Disappointed Again (July 26, 1863)

From Searching for George Gordon Meade: The Forgotten Victor of Gettysburg:

Maj. Gen. William French, who had command of the III Corps following Sickles' wounding. He did not demonstrate any particular ability (Library of Congress).

Maj. Gen. William French, who had command of the III Corps following Sickles’ wounding. He did not demonstrate any particular ability (Library of Congress).

On July 22 Meade sensed an opportunity and sent a force, with William French and the III Corps in advance, through Manassas Gap with the design of slicing the long serpent of Lee’s army in half. Unfortunately, French made only a half-hearted push through the gap and didn’t reach the vicinity of Front Royal until near evening, much too late to surprise the rebels. It must have been with a heavy heart that Meade telegraphed Halleck the next day: “I regret to inform you that, on advancing this morning at daylight, the enemy had again disappeared, declining battle, and though an immediate advance was made and Front Royal occupied, nothing was seen of him but a rear guard of cavalry with a battery of artillery.”

I think my last letter to you was about the 21st or 22d, when I was embarrassed at not ascertaining anything definite in regard to Lee’s movements. The next day, the 22d, I had positive information he was moving up the Valley of the Shenandoah. I immediately put my army in motion and pushed through Manassas Gap, where I met a part of his force. By the evening of the 24th I drove his force through Manassas Gap, and debouched with the head of my army into the open country beyond, in the vicinity of Front Royal, and having collected five corps together, expected to get a fight out of him on the 25th; but on advancing on that day he was again gone, having moved his whole army and trains (principally through Strasburg), day and night, on the 23d and 24th. Of course I was again disappointed, and I presume the President will be again dissatisfied. It is evident Lee is determined not to fight me till he gets me as far away from Washington as possible and in a position where all the advantages will be on his side. I hear from officers who have been in Washington that the President offered the command of this army to Grant, who declined it, but recommended Sherman. I consider I have done a great deal in compelling Lee to abandon the Valley of Virginia, where, but for my movements, he undoubtedly would have stayed, as he did last year, employing his army in gathering in the bountiful crops of that region, and sending them to his depots at Staunton and Gordonsville for use in the winter. As soon as I can get ready I shall move on again, and it remains to be seen whether he will make a stand on the Rappahannock or behind the Rapidan. Some people think they are preparing to abandon Virginia altogether, but I doubt this.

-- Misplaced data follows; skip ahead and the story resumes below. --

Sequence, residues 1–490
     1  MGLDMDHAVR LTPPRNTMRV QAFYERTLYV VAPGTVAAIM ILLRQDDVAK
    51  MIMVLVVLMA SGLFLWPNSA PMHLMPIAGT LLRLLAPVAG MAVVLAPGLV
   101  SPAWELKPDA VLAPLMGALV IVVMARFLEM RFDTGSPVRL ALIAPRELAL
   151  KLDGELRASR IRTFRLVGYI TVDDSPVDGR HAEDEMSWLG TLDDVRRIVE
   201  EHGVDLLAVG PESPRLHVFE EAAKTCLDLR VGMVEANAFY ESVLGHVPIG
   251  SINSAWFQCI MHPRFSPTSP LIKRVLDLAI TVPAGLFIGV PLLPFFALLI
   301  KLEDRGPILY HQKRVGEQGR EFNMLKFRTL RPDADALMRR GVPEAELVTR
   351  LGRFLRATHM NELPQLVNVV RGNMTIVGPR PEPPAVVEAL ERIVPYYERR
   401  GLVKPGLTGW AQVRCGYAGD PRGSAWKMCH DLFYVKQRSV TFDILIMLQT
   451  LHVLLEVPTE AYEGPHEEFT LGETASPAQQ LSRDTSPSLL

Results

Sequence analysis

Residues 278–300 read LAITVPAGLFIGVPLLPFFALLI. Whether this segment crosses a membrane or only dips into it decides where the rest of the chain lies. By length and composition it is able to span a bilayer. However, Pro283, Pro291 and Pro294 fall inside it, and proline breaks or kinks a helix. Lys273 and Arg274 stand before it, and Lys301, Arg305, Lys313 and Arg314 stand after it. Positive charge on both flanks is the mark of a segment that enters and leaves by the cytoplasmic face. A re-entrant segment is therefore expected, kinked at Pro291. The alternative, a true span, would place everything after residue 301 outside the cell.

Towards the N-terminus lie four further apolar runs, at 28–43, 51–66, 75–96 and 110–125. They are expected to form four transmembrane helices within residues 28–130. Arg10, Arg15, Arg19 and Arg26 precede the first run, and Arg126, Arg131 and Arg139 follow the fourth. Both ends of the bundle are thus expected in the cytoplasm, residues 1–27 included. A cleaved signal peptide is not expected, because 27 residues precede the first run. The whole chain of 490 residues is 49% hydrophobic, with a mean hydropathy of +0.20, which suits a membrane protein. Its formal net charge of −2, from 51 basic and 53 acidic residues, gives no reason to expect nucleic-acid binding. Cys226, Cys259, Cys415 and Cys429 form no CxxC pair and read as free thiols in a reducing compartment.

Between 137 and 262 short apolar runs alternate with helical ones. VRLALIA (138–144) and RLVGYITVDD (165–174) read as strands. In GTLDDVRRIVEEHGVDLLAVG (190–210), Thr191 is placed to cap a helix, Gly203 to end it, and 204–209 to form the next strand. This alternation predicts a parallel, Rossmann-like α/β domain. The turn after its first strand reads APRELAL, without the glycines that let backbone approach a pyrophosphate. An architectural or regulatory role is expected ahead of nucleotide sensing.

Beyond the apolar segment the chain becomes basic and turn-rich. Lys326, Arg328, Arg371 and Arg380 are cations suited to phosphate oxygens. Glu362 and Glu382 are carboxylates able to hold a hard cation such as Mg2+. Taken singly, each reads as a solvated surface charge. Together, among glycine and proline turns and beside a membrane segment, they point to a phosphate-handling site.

Meade’s correspondence taken from The Life and Letters of George Gordon Meade, Major-General United States Army, Vol. 2, (New York: Charles Scribner’s Sons, 1913), p. 137. Available via Google Books.

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